Howard Hughes and RICO — Fraudulent Concealment Unavailing to Revive 30-Year-Old Claim Against Hughes’ Estate

The Melvin Dummar/Howard Hughes relationship not only lives on in film. In Dummar v. Lummis, 2008 U.S. App. LEXIS 19513 (10th Cir. Sept. 12, 2008), Mr. Dummar maintained that almost 30 years after an unsuccessful suit for a portion of the Hughes estate based on a holographic will, he obtained information regarding misconduct related to the trial he lost in the 1970s and commenced a civil RICO action. He acknowledged the existence of a four-year statute of limitations but claimed fraudulent concealment applies to RICO:

Mr. Dummar asserts, however, that "[o]n federal causes of action, fraudulent concealment is read into every statute of limitations." *** From this we gather that he means to argue, as he did before the district court, that the limitations period should be tolled because of fraudulent concealment of the alleged RICO activity. The Supreme Court has recognized that equitable tolling may be available under RICO, see Rotella, 528 U.S. at 560-61, and we have stated that a RICO cause of action can be tolled by fraudulent concealment when the plaintiff establishes

(1) the use of fraudulent means by the party who raises the ban of the statute; (2) successful concealment from the injured party; and (3) that the party claiming fraudulent concealment did not know or by the exercise of due diligence could not have known that he might have a cause of action.

[Citations omitted.]

Mr. Dummar has made no attempt on appeal to show that he pleaded the elements of fraudulent concealment. At any rate, such an attempt would be futile. To begin with, he has not adequately alleged "successful concealment from [Mr. Dummar]" of an element of his cause of action. [Factual discussion omitted.] ***

Even if we were also to consider allegations of wrongdoing not specifically referred to in the Complaint as fraudulent concealment, we would not find anything adequately alleging fraudulent concealment. Paragraph 22 of the Complaint alleges that Defendants ordered, bribed, and coerced Hughes's aides to commit perjury. This allegation supports an element of the RICO claim — namely, that Defendants bore responsibility for the perjury and other misconduct in the probate proceedings. But there is no allegation in the Complaint, or suggestion elsewhere in the record, that Mr. Dummar acquired any specific evidence of this misconduct during the four years before filing the Complaint. On the contrary, the allegations in paragraph 22 appear to be merely inferences by Mr. Dummar. Paragraph 19 of the Complaint states that "based upon their positions of control in [Hughes's enterprises], their personal involvement in the litigation and trial, as well as their personal motives and other facts alleged [in the Complaint], Plaintiff reasonably believes and alleges that Defendants . . . knew of and coordinated [the aides'] false testimony." *** We question whether the allegations of paragraph 22 are pleaded with sufficient particularity to support a claim of fraudulent concealment; but in any event, the absence of an allegation regarding how and when Mr. Dummar learned of the alleged misconduct forecloses a claim that Defendants' fraudulent concealment prevented Mr. Dummar from discovering Defendants' involvement until at least 2002--four years before filing suit. If the allegations in the paragraph are based on information acquired only in recent years, the Complaint needed to assert that.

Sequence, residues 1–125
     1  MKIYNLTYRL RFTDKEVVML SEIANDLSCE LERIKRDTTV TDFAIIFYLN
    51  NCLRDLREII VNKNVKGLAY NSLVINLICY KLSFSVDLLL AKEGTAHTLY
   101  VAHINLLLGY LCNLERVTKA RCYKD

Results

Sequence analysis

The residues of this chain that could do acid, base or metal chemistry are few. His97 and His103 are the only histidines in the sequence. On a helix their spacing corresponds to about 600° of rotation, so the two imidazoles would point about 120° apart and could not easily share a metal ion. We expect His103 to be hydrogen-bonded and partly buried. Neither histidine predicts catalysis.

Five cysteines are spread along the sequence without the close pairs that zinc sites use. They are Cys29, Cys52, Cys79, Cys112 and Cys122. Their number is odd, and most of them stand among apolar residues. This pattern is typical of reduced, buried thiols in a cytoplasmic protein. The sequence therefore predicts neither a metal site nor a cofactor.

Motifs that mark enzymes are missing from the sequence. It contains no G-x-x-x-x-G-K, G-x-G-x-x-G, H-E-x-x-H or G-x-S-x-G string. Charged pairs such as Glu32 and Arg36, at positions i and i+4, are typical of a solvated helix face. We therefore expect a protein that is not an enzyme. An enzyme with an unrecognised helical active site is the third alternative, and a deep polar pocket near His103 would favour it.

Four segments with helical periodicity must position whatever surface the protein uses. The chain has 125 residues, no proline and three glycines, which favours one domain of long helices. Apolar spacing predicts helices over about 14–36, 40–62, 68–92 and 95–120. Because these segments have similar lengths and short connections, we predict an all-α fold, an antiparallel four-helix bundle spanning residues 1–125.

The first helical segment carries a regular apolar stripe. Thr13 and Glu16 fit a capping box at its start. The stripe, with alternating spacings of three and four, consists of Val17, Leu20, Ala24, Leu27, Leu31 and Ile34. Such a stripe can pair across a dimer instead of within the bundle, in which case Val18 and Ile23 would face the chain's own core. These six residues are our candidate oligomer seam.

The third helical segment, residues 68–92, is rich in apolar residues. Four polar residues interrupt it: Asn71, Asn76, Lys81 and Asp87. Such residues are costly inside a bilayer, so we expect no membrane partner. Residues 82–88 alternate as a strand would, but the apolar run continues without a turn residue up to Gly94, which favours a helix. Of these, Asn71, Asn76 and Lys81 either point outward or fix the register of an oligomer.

***Mr. Dummar has failed to explain why he could not have inferred Defendants' involvement in the perjury until more than 26 years after the probate trial. ***Not only has Mr. Dummar not alleged the concealment necessary to satisfy the second element of a claim of fraudulent concealment, but he has also not alleged the due diligence necessary to satisfy the third element. *** The Complaint is completely silent as to any efforts that Mr. Dummar made to uncover his cause of action during the first 26 years after the probate trial.

Held, “Mr. Dummar did not show entitlement to equitable tolling, and his claim is therefore barred by the civil RICO limitations period. Dismissal of this claim was proper.”

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